Toward a More Meaningful Use of Social Media

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How does one go about communicating promise and possibility to its students?  How does one motivate donors to give generously in order to support these students?  How is diversity not only welcomed, but celebrated?  It took a website redesign to answer these questions more effectively.  The newer, better College of Lake County (CLC) website was launched in July 2014 in time for its 45th birthday last Thursday, September 25th.  It has come a long way since its start in 1967 when it opened its doors to 2,360 students paying tuition of seven dollars per credit hour.  Forty-five years later, it now welcomes over 16,000 students from across the Chicagoland area and has an even wider reach through its online classes.

Responsiveness to students has always been a goal of CLC, and in 2014 it continues to be a priority.  This effort to connect with the school community has taken on new approaches with the expansion of social media opportunities. It demonstrates what Helene Solomon (2014) encourages organizations to do:  “to look at the big picture”.   Solomon emphasizes “social media strategy should be carefully integrated” into an organization’s overall communication plan. So, in addition to its website, CLC maintains a presence on Facebook, Twitter, YouTube, Linkedin, and Instagram as part of this unified approach to using social media to reach out to the community. Like many other organizations, this cluster of social media venues creates connections in its messaging, with some content gaining depth and elaboration across outlets.

Website Home

Its main website http://www.clcillinois.edu/aboutclc provides the “mountaintop view” of the institution—the big picture.  It seeks to answer the questions most asked by those new to the community:  who we are and what we offer.  It emphasizes why the institution matters and how its work is supported by the CLC Foundation.  By visiting this one page, a reader gets a feel for what it means to become part of CLC, and central to the page is a video accompanied by the text “Welcoming Everyone”. This is especially relevant because it is what CLC does.

Information about the CLC Foundation makes a case for supporting its efforts.  Being the main fundraising arm of the community college, it tries to reach out to potential donors by conveying how effectively the college allocates its resources.  Student testimonials throughout the website add interest to statements that explain why financial support is vital to the school community. A “Donate” button is prominently displayed at the top of the page.

The YouTube Channel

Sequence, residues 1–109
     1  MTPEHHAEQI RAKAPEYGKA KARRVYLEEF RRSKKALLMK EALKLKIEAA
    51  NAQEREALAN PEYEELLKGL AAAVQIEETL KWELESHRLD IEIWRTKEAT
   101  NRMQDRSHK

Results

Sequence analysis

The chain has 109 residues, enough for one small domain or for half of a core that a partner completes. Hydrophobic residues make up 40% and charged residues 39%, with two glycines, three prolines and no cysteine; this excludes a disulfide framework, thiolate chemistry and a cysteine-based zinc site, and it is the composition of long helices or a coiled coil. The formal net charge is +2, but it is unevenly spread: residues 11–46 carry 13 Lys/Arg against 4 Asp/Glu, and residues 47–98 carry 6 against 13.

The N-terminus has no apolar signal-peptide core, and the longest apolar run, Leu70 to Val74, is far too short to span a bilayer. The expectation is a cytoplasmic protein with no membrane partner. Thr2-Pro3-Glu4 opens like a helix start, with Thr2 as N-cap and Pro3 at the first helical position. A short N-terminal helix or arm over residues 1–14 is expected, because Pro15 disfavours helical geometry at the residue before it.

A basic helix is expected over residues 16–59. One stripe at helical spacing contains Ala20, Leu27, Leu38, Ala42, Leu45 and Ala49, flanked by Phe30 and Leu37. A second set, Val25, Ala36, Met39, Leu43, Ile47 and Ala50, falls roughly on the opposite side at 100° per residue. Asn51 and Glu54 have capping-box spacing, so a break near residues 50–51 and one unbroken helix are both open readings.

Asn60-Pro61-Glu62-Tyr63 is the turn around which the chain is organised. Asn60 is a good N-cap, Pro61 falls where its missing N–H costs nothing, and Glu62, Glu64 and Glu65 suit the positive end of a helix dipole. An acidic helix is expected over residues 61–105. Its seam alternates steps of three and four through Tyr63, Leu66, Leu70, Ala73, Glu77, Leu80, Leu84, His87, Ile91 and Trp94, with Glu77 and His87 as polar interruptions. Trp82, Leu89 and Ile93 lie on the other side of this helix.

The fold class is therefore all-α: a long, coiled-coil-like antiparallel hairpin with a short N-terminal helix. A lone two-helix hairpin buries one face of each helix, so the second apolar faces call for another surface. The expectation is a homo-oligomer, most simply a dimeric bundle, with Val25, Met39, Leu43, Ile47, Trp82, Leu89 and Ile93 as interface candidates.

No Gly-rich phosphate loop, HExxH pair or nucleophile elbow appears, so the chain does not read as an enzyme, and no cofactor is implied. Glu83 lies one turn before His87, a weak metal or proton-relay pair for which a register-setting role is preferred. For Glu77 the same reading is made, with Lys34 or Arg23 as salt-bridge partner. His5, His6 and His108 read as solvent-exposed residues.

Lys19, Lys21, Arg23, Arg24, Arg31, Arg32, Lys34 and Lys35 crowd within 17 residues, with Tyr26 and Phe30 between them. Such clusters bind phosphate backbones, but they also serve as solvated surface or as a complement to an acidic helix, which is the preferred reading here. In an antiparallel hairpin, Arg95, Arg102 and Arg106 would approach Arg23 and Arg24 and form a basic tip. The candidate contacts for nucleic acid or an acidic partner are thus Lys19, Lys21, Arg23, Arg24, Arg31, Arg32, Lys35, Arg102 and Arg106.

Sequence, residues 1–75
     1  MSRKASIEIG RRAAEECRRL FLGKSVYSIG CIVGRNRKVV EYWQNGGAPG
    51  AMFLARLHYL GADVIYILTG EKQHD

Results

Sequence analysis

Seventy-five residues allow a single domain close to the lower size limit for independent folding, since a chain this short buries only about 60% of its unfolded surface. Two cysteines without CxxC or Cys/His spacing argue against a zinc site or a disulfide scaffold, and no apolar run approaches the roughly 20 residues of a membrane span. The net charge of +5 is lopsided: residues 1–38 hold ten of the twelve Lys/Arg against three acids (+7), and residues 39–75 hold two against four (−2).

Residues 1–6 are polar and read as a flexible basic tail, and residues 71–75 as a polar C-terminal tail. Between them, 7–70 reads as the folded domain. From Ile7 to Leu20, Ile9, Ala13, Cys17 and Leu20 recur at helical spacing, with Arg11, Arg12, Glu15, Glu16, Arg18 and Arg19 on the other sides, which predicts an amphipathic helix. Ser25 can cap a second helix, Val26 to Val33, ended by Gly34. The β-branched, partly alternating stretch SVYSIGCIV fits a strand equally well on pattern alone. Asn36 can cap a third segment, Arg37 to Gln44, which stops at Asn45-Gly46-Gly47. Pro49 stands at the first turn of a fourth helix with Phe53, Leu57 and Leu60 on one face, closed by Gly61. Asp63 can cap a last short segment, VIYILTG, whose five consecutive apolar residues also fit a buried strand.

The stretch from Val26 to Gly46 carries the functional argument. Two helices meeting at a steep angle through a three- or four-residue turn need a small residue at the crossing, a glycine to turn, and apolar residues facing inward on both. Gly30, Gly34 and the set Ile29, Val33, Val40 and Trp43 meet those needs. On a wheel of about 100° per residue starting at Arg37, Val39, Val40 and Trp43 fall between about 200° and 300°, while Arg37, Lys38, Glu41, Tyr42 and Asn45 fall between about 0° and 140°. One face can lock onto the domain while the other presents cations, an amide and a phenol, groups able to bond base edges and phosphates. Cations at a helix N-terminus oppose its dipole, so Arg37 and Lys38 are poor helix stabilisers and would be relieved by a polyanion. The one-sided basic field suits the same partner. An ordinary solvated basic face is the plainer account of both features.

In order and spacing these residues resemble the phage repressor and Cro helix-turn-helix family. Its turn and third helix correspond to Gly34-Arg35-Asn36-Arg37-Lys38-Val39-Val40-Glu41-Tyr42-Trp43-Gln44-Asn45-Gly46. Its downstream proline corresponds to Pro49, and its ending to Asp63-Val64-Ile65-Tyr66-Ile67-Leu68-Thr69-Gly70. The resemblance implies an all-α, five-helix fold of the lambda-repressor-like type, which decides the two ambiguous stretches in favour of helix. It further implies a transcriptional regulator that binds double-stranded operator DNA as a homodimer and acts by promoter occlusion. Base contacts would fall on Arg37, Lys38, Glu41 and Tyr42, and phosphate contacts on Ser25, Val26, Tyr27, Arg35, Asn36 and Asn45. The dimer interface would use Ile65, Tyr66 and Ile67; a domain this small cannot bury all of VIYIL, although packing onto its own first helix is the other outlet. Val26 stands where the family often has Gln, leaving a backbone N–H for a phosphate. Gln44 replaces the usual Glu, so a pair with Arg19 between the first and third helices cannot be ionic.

Made up of a series of 2-5 minute videos of students, faculty, or staff speaking about their CLC experience, this social media venue creates excellent promo material https://www.youtube.com/user/clcpublicrelations . They are quick, to the point, and have good production value.  Its appeal to a more “text averse” audience is easily understood.  By way of imagery and narration, these videos communicate the “who we are” and “what we offer” aspects explained on the website. Being able to see and hear about these aspects instead of simply reading them off the website highlights the power of video.

These allow potential students or visitors to “step inside” the campus and its classes, providing a glimpse of student life and potentially lessening the apprehension to register.  Many of the videos show faculty who are friendly, welcoming, and supportive.  They also cover campus tours, scholarship information, food options, honors programs, and the financial aid process.  Because the YouTube channel addresses several basic concerns, and it does so in an engaging manner, it easily builds connection and resonance among its audience.

On Facebook and Twitter

These social media venues receive the most updates from the PR office—almost hourly.  It creates overlaps in its content, with Facebook https://www.facebook.com/CollegeofLakeCounty allowing for photos, thus, elaborating on what might be only a 140 character tweet on Twitter https://twitter.com/clcnewsroom.  Both venues present the “latest and greatest” happenings on campus:  athletic and cultural events, institutional success stories—like the current transfer agreement with University of Wisconsin-Parkside, as well as useful pieces like the new on-campus device charging station by the library.

CLC tries to initiate interaction on Facebook by posting questions like:  How is your fall semester going?  What is your favorite class?  However, student comments were few, so the strategy needs some reworking.

On LinkedIn and Instagram

These receive the least updates of all media venues, and because they do, it is not clear how they support the social media strategy of the institution.  Perhaps this will become more clearly defined as a more unified PR and Marketing approach is constructed by the college as it hopes to respond more effectively to the demands of today’s educational and technological environment.

My Takeaways